The Princeless Diaries or: how I learned to love the Princess Adrienne
A proclamation by Bob Reyer
As “Princeless Month” comes to a close here at Talking Comics, I must say that I’m at a bit of a loss to find anything to say that hasn’t been been better said through the amazing content that has been presented by our marvelous contributors and of course, Princeless creator Jeremy Whitley, who so graciously gave of his time…not to mention that free download of Raven: The Pirate Princess. Perhaps my best bet would be to describe how someone such as myself who is seemingly way outside the target audience came to read, and then love, the adventures of the irrepressible Princess Adrienne, her comrade-in-armor Bedelia Smith, and the high-flying dragon, Sparky?
Back in 2012, I had scanned through an issue of Princeless at my LCS as it wended its way into someone’s reserve folder; I found it interesting, but as may happen to some of you out there, I’ve grown absent-minded about new things, and so failed to remember to do any follow-up regarding the title. The book passed from my thoughts until I received an “out-of-the-blue” e-mail from Jeremy Whitley!
It turns out that Mr. Whitley had been listening to me ramble on our podcast about proper representation of female characters, and thought that I might be interested in checking out Princeless, thoughtfully sending over a digital copy with his letter. As soon as I began to thumb through it, the charms that I had encountered on that brief look so many months back completely won me over. In Adrienne, all those things that I had been grousing about being lacking in so many comics were made manifest; she was self-reliant, courageous, intelligent, and compassionate, and all in service to a hero’s quest that managed to both celebrate and poke great fun at the traditional narrative as well as comic book tropes through the skills of Mr. Whitley and artist Mia Goodwin.
Here was that title truly for all-ages I had been clamoring for, and that it starred a heroine whose mission was to save herself rather than wait for a rescue, Princeless quickly found its way into my heart. The better material for younger readers can reach the intended audience at many levels, but as with only the best of the lot, this is a series that can speak to everyone in that same way; girls and boys, children and adults, and with positive and empowering messages that are delivered naturally, without once seeming “preachy”, or ever losing its sense of fun.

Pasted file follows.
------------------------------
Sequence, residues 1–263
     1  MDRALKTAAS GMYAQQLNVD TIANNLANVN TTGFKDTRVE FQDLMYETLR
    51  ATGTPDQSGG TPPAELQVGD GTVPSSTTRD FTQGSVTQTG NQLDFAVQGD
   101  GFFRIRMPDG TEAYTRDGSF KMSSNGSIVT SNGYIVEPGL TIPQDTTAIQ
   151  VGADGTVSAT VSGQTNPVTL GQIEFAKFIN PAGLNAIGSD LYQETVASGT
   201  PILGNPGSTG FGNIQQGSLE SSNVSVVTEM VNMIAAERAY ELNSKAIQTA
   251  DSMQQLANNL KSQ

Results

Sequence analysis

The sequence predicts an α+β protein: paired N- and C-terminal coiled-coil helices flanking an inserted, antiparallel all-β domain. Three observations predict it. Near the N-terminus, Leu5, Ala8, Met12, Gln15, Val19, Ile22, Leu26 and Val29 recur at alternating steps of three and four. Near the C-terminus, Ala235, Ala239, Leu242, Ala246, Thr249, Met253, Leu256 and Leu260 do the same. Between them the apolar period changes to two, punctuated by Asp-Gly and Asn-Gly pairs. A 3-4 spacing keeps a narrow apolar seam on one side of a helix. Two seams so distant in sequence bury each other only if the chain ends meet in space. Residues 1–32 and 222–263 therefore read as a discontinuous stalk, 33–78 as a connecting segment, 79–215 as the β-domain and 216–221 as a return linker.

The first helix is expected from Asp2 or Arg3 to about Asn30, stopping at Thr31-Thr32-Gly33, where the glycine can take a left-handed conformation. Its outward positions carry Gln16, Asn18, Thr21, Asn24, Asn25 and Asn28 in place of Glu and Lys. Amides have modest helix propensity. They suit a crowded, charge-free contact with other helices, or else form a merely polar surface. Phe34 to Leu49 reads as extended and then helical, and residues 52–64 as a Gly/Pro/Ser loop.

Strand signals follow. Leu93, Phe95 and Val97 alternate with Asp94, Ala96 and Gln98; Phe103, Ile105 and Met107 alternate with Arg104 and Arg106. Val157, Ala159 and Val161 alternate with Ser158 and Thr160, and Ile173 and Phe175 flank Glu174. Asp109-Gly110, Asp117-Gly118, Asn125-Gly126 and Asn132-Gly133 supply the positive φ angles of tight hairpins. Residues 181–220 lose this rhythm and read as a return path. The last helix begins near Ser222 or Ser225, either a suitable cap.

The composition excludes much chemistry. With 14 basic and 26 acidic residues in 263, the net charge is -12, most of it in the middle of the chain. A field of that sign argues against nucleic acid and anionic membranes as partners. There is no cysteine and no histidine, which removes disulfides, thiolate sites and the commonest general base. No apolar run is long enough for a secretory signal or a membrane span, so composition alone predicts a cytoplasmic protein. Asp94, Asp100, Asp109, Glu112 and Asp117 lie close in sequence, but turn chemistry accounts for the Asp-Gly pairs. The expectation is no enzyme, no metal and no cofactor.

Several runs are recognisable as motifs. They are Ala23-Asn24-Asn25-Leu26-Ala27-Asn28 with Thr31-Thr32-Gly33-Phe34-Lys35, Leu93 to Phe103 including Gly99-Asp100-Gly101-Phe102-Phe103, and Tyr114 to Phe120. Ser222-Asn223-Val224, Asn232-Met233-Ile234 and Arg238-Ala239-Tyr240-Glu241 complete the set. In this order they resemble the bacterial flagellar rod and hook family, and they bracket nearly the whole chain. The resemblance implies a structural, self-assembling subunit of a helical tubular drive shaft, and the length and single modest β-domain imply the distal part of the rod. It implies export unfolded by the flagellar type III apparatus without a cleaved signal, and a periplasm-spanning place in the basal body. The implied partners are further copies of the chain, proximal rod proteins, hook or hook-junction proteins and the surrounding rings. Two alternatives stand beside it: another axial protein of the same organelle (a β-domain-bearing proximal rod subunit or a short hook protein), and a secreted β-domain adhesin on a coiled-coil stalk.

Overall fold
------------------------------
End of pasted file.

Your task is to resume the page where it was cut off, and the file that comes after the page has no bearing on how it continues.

Since reading that first collection, I cannot count the numerous times that I’ve singled out Princeless to parents looking for a new series for their youngsters to read, and particularly for those moms seeking an appropriate title to act as the gate-way for their daughters into the world of comics. Those recommendations have led to me receiving some of my favorite e-mails from Talking Comics fans, as those correspondents have been unanimous in their praise for this very special book. (As I type this, I’m not even in possession of a physical copy of the first trade collection, as I’ve passed along two copies to date, each of which well-loved!)
Far too often in today’s comics landscape, the titles for younger readers skew very young indeed, but Jeremy Whitley and his talented collaborators continue to deliver issue after issue of rollicking good fun whilst never talking down to the audience, preferring to tell a story through the character of Adrienne that can engage the mind and capture the heart of any child, whether they be 6 or 60. Along with titles that have followed in Princeless‘ wake such as Lumberjanes and Gotham Academy, it is encouraging to see that the positive changes occurring in more adult fare are finding expression in titles that will help to create the next generation of comics, in the form of both readers, as well as future writers and artists.
Long live the Princess Adrienne!
My thanks to Mara and Maria for the use of their column, and for all the great work this month, my congratulations to them, Nikki, and Huw, plus a hearty “Welcome aboard!” to Anna Cocca Goodman and her mom, Carolyn! (An extra special “thumbs up” to Jeremy Whitley for his generosity and consideration!)